Alarming News

January 29, 2004

The role of parties

Jonah writes that they do matter, above and beyond the candidates they produce:
Now, many conservatives have been writing me in recent weeks, in response to my increasingly critical comments about President Bush, to say that maybe conservatives shouldn’t vote for him. I think that’s silly. On any issue of major importance to conservatives, there isn’t a Democrat running who wouldn’t be an order of magnitude worse. Indeed, even if, say, Joe Lieberman’s Joe-Mentum had caught on, and he won the nomination, he would still be filling his administration from a Democratic bench. The gravitational forces of the party largely determine the course of policy. The Democratic dogma is instinctually to err on the side of government action. Republican dogma, at least for now, is to err on the side of individual initiative and the market.

Posted by Karol at 01:40 PM |
Comments

I’ve always said, that 2000 election ironically solidified my Republican party loyalty. I voted for Bush, of course, but moreso for all those nameless-to-me other (R) candidates on the ballot. And the Florida controversy proved this: voting for a party is not about one candidate. It is about getting your people in place, year after year, time and time again, so when the time comes when you really need them, the right people are in the right place at the right time.
Florida & the SCOTUS had Right/Republican people in the right place at the right time.
Think about that next time you (not you Kashei) consider abandoning your party.

Posted by: Scott S at January 29, 2004 at 4:31 pm

Finally, a republican willing to admit Bush stole the election. I find that refreshing, believe it or not.
But Cheerios, your quote says, “The gravitational forces of the party largely determine the course of policy. The Democratic dogma is instinctually to err on the side of government action”
That is, if you will pardon the expression, a big, steaming, stinking pile of crap. the Republican “dogma” used to be (oh, so long ago) to keep government small, to limit spending, to balance the budget. With Clinton in the White house, those goals were pursued and met with alacrity. Now that there is an (R) administration, we have a government growing and spending out of control. It seems odd to me that so many moderate republicans are showing such strong party loyalty at a time when their party has done less to advance their goals than the previous democratic administration did. I honestly can’t see why anyone other than the very wealthy and the “religious right” would put their support behind this administration. Do that many people value party loyalty above good government?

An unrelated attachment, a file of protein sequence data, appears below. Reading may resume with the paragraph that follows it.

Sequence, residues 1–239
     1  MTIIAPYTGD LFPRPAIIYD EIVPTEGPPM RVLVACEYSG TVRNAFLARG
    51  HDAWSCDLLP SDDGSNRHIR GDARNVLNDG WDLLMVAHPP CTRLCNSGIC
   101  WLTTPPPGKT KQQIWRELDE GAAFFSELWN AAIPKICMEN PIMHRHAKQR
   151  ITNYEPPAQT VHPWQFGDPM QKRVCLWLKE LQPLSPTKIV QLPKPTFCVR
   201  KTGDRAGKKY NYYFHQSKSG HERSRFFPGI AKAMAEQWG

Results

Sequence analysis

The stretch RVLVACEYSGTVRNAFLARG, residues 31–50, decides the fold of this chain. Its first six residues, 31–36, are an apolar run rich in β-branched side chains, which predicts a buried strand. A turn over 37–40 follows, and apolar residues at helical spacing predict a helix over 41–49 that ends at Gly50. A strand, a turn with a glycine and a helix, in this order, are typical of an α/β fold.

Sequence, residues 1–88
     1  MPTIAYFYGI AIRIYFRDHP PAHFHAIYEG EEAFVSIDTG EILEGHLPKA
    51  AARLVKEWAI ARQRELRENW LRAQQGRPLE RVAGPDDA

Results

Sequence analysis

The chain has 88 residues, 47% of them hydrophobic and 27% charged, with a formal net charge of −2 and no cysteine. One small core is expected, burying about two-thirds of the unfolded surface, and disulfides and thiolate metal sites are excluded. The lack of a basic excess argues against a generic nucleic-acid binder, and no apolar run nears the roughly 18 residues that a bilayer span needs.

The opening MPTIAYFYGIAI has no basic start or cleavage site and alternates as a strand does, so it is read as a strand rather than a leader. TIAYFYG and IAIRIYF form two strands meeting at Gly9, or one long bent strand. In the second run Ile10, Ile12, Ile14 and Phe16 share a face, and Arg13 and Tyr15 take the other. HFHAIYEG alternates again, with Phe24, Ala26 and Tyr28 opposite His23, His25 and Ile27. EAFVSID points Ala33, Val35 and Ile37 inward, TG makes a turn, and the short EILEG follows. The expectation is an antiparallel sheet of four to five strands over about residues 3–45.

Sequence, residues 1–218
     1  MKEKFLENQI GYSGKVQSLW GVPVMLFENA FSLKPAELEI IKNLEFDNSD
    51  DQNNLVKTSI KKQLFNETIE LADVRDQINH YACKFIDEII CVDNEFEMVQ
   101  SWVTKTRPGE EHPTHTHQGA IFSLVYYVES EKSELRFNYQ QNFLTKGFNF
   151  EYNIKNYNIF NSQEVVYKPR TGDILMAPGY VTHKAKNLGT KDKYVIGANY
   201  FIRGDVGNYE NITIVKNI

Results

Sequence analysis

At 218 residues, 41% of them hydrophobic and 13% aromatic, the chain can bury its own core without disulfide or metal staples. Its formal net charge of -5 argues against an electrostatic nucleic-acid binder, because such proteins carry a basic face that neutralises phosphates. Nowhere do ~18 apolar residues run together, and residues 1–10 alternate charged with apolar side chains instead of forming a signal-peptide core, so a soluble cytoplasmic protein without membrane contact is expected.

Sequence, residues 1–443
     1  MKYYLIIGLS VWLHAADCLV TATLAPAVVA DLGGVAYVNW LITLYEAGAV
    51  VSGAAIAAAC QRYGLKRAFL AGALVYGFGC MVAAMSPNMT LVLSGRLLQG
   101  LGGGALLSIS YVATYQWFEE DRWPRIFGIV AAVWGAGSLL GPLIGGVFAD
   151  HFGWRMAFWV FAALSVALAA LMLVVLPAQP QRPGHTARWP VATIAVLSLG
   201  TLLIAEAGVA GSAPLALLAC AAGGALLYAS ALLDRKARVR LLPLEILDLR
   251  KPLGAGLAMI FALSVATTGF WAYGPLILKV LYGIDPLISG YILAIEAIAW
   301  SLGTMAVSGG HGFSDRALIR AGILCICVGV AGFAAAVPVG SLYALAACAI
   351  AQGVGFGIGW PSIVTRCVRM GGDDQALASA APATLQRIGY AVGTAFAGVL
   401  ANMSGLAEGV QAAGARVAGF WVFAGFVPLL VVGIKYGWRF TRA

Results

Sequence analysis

Posted by: Rick Blaine at January 29, 2004 at 7:19 pm

You have me wrong. Stole, hardly. Decisions had to be made, the Dems were clearly grasping for straws, and insanity was on the brink. It took rational and responsible judges to make the tough decision. And, as evidence shows, the right decision.

Posted by: Scott S at January 30, 2004 at 9:03 am

Party loyalty… hmmm. Try looking that one up. I think it might say something like never abandoning your own? Seriously, you think policies contrary to our beliefs will make us quit? Switch sides? Give me a break. The party is not Bush’s, it is ours. We can be critical, motivate, get active and enact change. But we would never leave “our” party.

Posted by: Scott S at January 30, 2004 at 9:05 am

Rick, only to a Democrat would getting more votes equal stealing an election. That 6 Dem 1 Ind Florida Supreme Court wasn’t biased at all, right? As Gore said when the Florida debacle began ‘the campaign continues!’

Posted by: Kashei at January 30, 2004 at 10:32 am

Fight for your [right to] Party!

On Monday, I suggested that all Democrats join the Republican party, because party loyalty and supremacy — i.e., “winning” seems to have become more important to many Republicans than good

Posted by: Rick's Cafe Americain at February 4, 2004 at 11:55 pm
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